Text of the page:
Growing up into Christ involves far more than acquiring the right information. It requires a deep connection between truth and life, between belief and behavior. And such connection only occurs when we take extended time for dialogue or conversation with others about these things that matter most to us.
Dialogue is a critical gift on the journey. The back-and-forth conversational work of listening and question asking, reflection, clarification and discernment are so necessary for development and maturity. Too often in our churches we major on the presentation or the performance—the monologue—without majoring on the hard work of cultivating dialogue.
Many of us yearn for more than the chitchat prompted by the fill-in-the-blank small group questions. We want meaningful conversation around the biggest questions of our lives. We want to candidly ask others whether they think the dreams and hopes we carry within are of the Spirit or not. It is a small, yet powerful matter—our ability to talk and listen—to use words and silence well with each other.
Friendship does not grow naturally out of the fast-paced, competitive, and isolated lives so many of us live. In reality, our work priorities and our household busy-ness most often stand against the cultivation of deep friendship. Yet it is friendship that most often describes an essential condition for Christian maturity. As we make space for a common sharing, honoring, and enjoying of life, something of the Spirit’s nurturing grace is imparted to us.
It is Eugene Peterson’s words on the importance of friendship that has been resonating with me again over the past ten days. In his book Leap Over A Wall: Earthy Spirituality for Everyday Christians, Peterson insightfully describes our deep need for fellow travelers along the way of following Jesus. He writes,
Each of us has contact with hundreds of people who never look beyond our surface appearance. We have dealings with hundreds of people who the moment they set eyes on us begin calculating what use we can be to them, what they can get out of us. We meet hundreds of people who take one look at us, make a snap judgment, and then slot us into a category so that they won’t have to deal with us as persons. They treat us as something less than we are; and if we’re in constant association with them, we become less.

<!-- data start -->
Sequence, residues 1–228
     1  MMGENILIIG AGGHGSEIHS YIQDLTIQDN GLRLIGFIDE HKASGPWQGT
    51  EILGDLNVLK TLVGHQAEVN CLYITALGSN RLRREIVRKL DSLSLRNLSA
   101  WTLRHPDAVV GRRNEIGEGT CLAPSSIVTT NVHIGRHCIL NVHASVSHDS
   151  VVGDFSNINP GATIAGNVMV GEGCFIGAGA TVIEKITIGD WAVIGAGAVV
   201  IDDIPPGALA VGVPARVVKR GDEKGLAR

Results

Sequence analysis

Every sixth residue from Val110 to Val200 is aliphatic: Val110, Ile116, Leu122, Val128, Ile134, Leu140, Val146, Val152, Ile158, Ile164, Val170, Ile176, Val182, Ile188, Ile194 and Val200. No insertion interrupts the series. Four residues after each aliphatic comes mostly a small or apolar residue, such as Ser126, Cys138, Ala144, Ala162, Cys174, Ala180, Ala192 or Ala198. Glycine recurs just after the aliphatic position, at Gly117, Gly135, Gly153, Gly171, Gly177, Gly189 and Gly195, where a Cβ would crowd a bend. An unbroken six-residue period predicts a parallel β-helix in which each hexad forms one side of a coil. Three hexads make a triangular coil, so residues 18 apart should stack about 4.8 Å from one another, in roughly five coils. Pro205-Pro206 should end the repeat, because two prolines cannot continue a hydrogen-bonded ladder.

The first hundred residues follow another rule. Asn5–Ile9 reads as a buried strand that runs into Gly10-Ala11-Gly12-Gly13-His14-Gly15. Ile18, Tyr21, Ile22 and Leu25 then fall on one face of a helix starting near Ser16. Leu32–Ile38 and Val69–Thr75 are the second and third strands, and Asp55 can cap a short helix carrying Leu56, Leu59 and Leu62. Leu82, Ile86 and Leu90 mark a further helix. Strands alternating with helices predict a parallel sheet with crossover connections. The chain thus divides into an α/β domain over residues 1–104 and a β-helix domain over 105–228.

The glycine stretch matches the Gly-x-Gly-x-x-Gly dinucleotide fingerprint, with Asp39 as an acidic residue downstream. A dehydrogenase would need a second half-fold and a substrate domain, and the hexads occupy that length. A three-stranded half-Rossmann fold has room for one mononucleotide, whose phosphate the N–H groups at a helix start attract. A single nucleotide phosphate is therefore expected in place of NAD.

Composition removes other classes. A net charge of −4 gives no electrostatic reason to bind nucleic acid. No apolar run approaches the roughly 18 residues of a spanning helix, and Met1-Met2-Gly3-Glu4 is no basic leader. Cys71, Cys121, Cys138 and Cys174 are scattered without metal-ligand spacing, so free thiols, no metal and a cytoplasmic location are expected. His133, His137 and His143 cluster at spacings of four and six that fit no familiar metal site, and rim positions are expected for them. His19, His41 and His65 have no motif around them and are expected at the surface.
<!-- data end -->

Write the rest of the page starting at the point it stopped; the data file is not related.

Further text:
And then someone enters into our life who isn’t looking for someone to use, is leisurely enough to find out what’s really going on in us, is secure enough not to exploit our weaknesses or attack our strengths, recognizes our inner life and understands the difficulty of living out our inner convictions, confirms what is deepest within us. A friend (54-55).
As I was thinking and praying this afternoon about the many different folks spread throughout North America, walking through The Journey process, being invited to seriously, honestly and courageously seek God’s gracious presence in the story of their lives, I was mindful of writer Madeleine L’Engle’s profound insights drawn from the life of Joseph (Genesis 37-50). L’Engle writes,
We don’t “get over” the deepest pains of life, nor should we. “Are you over it?” is a question that cannot be asked by someone who has been through “it,” whatever “it” is. It is an anxious question, an asking for reassurance that cannot be given. During an average lifetime there are many pains, many griefs to be borne. We don’t “get over” them; we learn to live with them, to go on growing and deepening, and understanding, as Joseph understood, that God can come into all pain and make something creative out of it.
(Sold into Egypt: Joseph’s Journey into Human Being, Shaw Publishing, 1989)
May you come to personally encounter God’s great capacity to come into your life and make something creative out of your deep frustrations, disappointments, confusions and failures. Spirit of God, be generous to us…
During our VP3 Webinar: Barriers to Spiritual Growth on Wednesday, I was struck by the panelists’ and audience’s interest in discussing busyness as a chief barrier to maturity in our faith communities. I found myself later in the afternoon returning to the question, what does a busy pace do that so frustrates our maturity?
It seems the relationship of busyness to Christian maturity boils down to the issues of attention and distraction. On the whole, we certainly are busy, busy people. We have meetings to attend, dinners to prepare, children to pick up, papers to finish, vacations to plan, projects to complete, things to maintain and repair, sermons to preach, houses to clean, lunch appointments to keep, on and on. Life presses in on us and, perhaps instinctively, we do all we can to press back. Many good things and important things stack up, and we busy ourselves with such things. In time, these many things shape our schedules and even our consciousnesses into a form that is ill suited to an attentive life.